In trying to solidify my author brand (it’s an ongoing process), I’ve often tried to wrap my mind around what dark romance and erotica actually are. It seems like a straightforward-enough answer–romance or erotica plus horror, right? But I often get stuck in this spiral of: Is my work dark? Is it dark enough to put the word “dark” in my ever-changing tagline? If I think it’s dark, does that mean readers do, and vice versa? (Too often, after all, I’ll have one opinion of my work’s category/subgenre, and readers will tell me otherwise.)
So I’m going to take this post to explore: What exactly are dark romance and erotica?
In Pursuit of a Definition
Unfortunately, a quick Google search doesn’t turn up anything definitive. One might end up venturing to the Wikipedia page for Dark Romanticism, but its focus is the literary movement from the first half of the 1800s, not the modern genre we know and love. Even articles like this one, entitled “What is Dark Romance?” use the word “dark” to define dark romance, which doesn’t clear up anything, at least for me. Author Roni Loren has a blog post of dark romance recommendations, and “for her purposes,” defines dark romance as “one that has an anti-hero, a villain type as the lead guy, and/or completely mindf*cks you.” That’s probably closer to a solid definition but I don’t think it’s comprehensive enough. A post by Sarah Wendell of Smart Bitches, Trashy Books contrasts dark romance with light romance, which I agree is easier to conceptualize. Wendell describes light romance as “funny, friendly, not painfully emotional or wrenching,” and a dark romance as “one wherein there’s going to be a happy ending eventually, but it’ll hurt a bit first, for everyone involved, including me, the reader.” I like that definition, but it seems way too broad. Doesn’t almost every romance have that oh-no-maybe-they-won’t-really-make-it scene, and it doesn’t it “hurt a bit”? I disagree with much of what Cari Silverwood has to say in this post (she seems to believe liking dark erotica must involve self-doubt about one’s morals), but I think she hits on something significant when she says “Dark erotica is meant to disturb readers.”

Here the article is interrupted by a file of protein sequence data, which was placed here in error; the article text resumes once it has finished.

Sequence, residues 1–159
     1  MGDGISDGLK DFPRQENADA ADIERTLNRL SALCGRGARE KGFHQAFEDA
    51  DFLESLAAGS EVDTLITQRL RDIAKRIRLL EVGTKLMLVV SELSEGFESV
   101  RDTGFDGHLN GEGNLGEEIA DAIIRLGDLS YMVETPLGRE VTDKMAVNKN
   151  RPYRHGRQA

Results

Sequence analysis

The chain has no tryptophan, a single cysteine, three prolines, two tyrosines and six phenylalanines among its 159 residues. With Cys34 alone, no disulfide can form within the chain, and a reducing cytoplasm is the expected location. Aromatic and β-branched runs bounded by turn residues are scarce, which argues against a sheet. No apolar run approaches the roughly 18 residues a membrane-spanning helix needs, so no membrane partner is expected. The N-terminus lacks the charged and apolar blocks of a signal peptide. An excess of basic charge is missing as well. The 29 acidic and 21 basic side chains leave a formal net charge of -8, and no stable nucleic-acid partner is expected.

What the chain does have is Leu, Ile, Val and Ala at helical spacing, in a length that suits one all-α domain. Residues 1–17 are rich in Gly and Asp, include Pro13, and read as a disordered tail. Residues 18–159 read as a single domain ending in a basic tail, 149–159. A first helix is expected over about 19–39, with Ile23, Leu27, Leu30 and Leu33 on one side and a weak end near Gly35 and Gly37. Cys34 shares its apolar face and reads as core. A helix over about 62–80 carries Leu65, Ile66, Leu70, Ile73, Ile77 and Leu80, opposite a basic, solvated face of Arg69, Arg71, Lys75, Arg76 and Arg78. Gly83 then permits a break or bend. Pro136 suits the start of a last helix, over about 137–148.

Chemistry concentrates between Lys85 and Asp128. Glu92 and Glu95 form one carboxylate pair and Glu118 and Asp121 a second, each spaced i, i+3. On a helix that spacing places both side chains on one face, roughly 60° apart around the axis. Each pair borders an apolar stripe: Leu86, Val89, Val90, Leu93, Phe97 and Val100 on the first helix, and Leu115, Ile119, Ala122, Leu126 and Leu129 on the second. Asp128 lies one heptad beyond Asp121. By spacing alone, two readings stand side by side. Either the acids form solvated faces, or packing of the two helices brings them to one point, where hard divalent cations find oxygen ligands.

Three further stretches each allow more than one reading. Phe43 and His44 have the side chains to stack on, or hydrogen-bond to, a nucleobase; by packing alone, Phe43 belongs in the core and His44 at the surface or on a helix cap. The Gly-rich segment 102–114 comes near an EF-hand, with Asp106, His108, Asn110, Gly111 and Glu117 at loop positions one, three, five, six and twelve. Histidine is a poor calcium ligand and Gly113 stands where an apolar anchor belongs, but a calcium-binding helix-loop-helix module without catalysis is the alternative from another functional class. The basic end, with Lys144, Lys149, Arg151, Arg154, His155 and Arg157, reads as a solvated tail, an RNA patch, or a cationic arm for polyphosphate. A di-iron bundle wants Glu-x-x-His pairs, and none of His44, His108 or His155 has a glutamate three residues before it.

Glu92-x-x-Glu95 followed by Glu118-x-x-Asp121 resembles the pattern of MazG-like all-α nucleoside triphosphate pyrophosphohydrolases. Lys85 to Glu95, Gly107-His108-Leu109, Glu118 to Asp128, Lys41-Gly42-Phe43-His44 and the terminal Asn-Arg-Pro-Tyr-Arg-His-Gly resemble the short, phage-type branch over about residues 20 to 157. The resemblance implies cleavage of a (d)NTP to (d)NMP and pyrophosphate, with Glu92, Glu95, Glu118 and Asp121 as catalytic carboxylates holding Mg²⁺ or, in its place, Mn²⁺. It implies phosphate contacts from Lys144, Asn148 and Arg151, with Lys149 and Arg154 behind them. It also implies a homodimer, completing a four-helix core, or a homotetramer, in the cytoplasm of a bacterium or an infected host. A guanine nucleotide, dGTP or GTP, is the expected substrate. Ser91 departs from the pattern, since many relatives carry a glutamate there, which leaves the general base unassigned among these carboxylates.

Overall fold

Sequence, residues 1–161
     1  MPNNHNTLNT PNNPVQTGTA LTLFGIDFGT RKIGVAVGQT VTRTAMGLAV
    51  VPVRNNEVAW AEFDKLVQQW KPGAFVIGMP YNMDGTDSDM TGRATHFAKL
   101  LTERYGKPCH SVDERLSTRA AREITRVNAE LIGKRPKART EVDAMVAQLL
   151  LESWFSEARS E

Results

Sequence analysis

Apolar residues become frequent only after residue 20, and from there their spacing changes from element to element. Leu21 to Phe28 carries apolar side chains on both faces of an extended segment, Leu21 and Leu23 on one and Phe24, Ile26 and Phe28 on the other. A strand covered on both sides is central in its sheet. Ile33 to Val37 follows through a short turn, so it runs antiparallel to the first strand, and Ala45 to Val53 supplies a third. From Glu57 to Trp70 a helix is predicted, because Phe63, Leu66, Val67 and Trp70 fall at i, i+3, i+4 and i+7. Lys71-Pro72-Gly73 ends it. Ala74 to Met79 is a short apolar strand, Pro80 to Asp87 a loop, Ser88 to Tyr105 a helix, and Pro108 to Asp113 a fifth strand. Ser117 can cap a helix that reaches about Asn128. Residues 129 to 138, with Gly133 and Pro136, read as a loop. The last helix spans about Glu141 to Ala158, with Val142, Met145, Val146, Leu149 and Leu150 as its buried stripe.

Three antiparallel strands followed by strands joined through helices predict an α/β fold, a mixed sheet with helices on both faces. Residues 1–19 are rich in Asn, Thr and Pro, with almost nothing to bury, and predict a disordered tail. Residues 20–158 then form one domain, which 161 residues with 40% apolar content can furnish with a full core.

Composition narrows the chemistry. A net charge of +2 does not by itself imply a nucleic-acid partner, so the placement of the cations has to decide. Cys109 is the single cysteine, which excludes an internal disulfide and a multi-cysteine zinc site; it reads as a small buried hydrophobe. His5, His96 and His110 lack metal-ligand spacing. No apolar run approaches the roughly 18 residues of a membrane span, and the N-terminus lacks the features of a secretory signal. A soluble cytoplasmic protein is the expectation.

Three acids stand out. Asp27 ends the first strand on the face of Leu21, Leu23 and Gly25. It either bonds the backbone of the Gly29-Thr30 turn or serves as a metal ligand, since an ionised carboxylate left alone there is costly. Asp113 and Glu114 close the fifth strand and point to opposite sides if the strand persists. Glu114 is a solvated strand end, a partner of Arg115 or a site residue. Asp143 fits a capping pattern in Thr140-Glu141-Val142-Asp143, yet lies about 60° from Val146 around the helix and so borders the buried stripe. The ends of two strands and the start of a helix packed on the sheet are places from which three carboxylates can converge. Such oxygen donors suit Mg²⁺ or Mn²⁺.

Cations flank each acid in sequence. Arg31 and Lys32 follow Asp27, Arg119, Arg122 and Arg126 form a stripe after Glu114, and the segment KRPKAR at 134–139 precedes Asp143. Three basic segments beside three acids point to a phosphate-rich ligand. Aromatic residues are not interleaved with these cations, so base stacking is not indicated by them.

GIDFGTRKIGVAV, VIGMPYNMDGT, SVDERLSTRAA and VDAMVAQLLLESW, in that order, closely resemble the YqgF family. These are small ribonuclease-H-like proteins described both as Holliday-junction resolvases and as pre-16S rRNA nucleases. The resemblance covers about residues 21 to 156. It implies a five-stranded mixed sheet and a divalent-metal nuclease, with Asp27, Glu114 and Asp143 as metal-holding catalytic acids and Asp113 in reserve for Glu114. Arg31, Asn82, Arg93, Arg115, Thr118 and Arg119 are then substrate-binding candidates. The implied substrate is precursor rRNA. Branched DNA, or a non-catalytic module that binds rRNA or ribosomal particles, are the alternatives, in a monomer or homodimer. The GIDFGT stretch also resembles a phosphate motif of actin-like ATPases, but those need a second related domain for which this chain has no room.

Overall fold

Books Categorized as Dark Romance or Dark Erotica
Browsing through BookBub’s Dark Romance & Erotica category, I find books featuring forced ownership/slavery between enemies, BDSM with a little edgeplay, plain old BDSM, an unforgiving alien prison, a motorcycle club and main characters with abusive pasts, a woman on the run from her criminal father’s enemies, coerced pretend sexual slavery, mafia family arranged marriage, and a motorcycle club death dealer. (I’ll assert right now that BDSM on its own does not make a book “dark,” since kink comes in many, many flavors, from soft and sweet to rough and intense.)
Heading over to Goodreads’ dark-romance shelf, I peruse the first few most popular titles and find themes of kidnapping, dubious consent, rape, crime, homelessness, forced sexual slavery, stalking, monstrous men, revenge, and underground fighting rings. Because I write M/M romance, I also check out a relevant Goodreads listopia list: Best M/M Dark and Edgy Books of 2016. Listed reads “deal with dark, edgy, controversial, taboo, uncomfortable, disturbing, pushing boundaries themes” and must contain “at least one of the following: abuse, rape/non-consensual, dubious consent, forced submission, blackmail/coercion, captivity/kidnapping, slavery, psychological manipulation, self-harm, substance abuse, incest, extreme violence, torture, killers/assassins as main characters.” Listed books include some of my favorites: Max by Bey Deckard, which features an emotionally manipulative, psychopathic love interest and his therapist’s riveting downward spiral; Safe in Your Fire (The Village #1) by Darien Cox, a creepy sci-fi horror romance; and The Rebellious Pet (Alien Slave Masters #2) by Samantha Cayto, a forced alien/human sexual slavery story.